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British Film Review: Sunshine On Leith
Review By Freda Cooper
Avoiding the cliché about buses, this Friday sees the release of no less than three Scottish movies in UK cinemas – Sunshine On Leith, Filth and For Those In Peril. And, while two of them are set in Edinburgh, all three are as alike as haggis and hay.
Sunshine On Leith is the unashamed feel-good member of the trio. A musical based on the songs of The Proclaimers, it’s the story of two army buddies, Davy and Ally, who return from Afghanistan to their home of Leith to re-kindle old relationships and start new ones. At the same time, Davy’s parents are planning their silver wedding anniversary. Everything looks rosy, until the night of the party – and then everybody’s hopes and dreams start to unravel.
North London geezer Dexter Fletcher isn’t the most obvious of choices to direct a film set in Leith and based on the music of one of the most identifiably Scottish bands of all time. But it doesn’t seem to matter. He’s adept at getting likeable performances from the younger members of the cast, including a very cute and knowing little boy who seems to have born aged 40. The large scale musical numbers (Over And Done With, Oh Jean) are well choreographed and orchestrated, even if the final I’m Gonna Be (500 Miles) seems to have jumped onto the big screen straight from Glee.
He doesn’t fare quite so well with the bigger names in the cast. Peter Mullan is cast against type as the father of the family but it doesn’t really stretch him and the sight of British cinema’s favourite hard man bursting into song is more than a little incongruous. Jane Horrocks is equally underused as his wife, complete with a slightly suspect Scottish accent, and poor Jason Flemyng is lumbered the total non-role of her boss, a part that seems to have been created purely for one song and dance routine. And, bless him, he’s not that good a dancer.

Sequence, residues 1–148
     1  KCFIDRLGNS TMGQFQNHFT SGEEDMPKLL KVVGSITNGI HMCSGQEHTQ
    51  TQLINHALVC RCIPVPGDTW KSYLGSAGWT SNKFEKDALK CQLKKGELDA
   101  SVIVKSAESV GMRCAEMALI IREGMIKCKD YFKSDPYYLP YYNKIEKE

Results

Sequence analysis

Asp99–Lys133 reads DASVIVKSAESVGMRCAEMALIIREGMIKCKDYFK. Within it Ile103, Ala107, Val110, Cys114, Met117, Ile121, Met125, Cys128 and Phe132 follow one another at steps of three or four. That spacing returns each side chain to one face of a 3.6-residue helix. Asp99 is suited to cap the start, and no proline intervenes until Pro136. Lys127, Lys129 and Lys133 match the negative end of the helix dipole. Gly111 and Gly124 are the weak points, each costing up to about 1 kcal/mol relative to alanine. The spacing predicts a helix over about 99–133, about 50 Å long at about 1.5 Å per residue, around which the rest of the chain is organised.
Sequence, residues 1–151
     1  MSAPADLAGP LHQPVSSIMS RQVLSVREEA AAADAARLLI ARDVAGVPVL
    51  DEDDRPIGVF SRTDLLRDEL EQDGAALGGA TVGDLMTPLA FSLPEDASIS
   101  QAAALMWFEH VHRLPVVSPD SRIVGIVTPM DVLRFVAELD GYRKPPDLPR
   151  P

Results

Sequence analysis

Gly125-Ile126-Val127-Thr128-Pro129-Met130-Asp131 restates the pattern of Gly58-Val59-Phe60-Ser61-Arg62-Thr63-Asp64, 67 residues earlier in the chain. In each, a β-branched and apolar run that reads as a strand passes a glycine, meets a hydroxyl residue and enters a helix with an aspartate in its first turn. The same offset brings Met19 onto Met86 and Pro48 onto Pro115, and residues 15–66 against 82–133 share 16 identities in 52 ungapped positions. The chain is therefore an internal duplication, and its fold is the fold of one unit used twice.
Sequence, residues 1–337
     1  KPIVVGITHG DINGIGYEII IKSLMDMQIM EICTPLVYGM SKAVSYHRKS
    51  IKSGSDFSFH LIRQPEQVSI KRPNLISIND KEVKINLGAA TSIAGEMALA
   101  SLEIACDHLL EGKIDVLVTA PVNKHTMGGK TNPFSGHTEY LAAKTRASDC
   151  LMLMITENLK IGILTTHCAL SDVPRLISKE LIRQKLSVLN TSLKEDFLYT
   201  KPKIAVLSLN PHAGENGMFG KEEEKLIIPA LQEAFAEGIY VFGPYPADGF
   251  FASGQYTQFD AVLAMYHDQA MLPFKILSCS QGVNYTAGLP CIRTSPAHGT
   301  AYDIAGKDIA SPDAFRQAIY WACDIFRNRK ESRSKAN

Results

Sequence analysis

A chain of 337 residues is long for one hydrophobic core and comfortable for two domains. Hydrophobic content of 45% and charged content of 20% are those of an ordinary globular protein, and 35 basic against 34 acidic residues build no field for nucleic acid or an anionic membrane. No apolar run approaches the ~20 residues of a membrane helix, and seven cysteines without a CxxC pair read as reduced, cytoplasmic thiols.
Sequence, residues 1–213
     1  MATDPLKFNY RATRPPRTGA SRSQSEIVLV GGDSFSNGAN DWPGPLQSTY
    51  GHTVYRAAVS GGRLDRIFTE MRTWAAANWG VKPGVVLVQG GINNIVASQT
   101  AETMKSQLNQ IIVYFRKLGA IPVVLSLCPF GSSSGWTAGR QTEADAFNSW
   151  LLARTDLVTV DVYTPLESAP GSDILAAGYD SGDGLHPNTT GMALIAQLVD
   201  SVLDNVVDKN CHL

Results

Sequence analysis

All the cast do their own singing – yes, Peter Mullan included – and, in the main, are passable. The exception is Antonia Thomas, who plays Davy’s English girlfriend, who has a really strong voice.
It is as contrived as they come. But that’s what happens when you build a musical around the songs of one band - think Mama Mia – and work within the musical format. The contrivance is stretched rather thinly at times – for instance, Ally’s girlfriend goes to work in Florida, purely so that Letter From America can be included. And it does make for a predictable watch.
Ultimately, Sunshine On Leith is feel-good family fodder. You could safely take your gran and she’d probably love it. Chances are she’d need a tissue or two as well. And you’d all leave the cinema singing the songs. But that’s because you know them already.
Sunshine On Leith is released in UK cinemas on Friday, 4 October.
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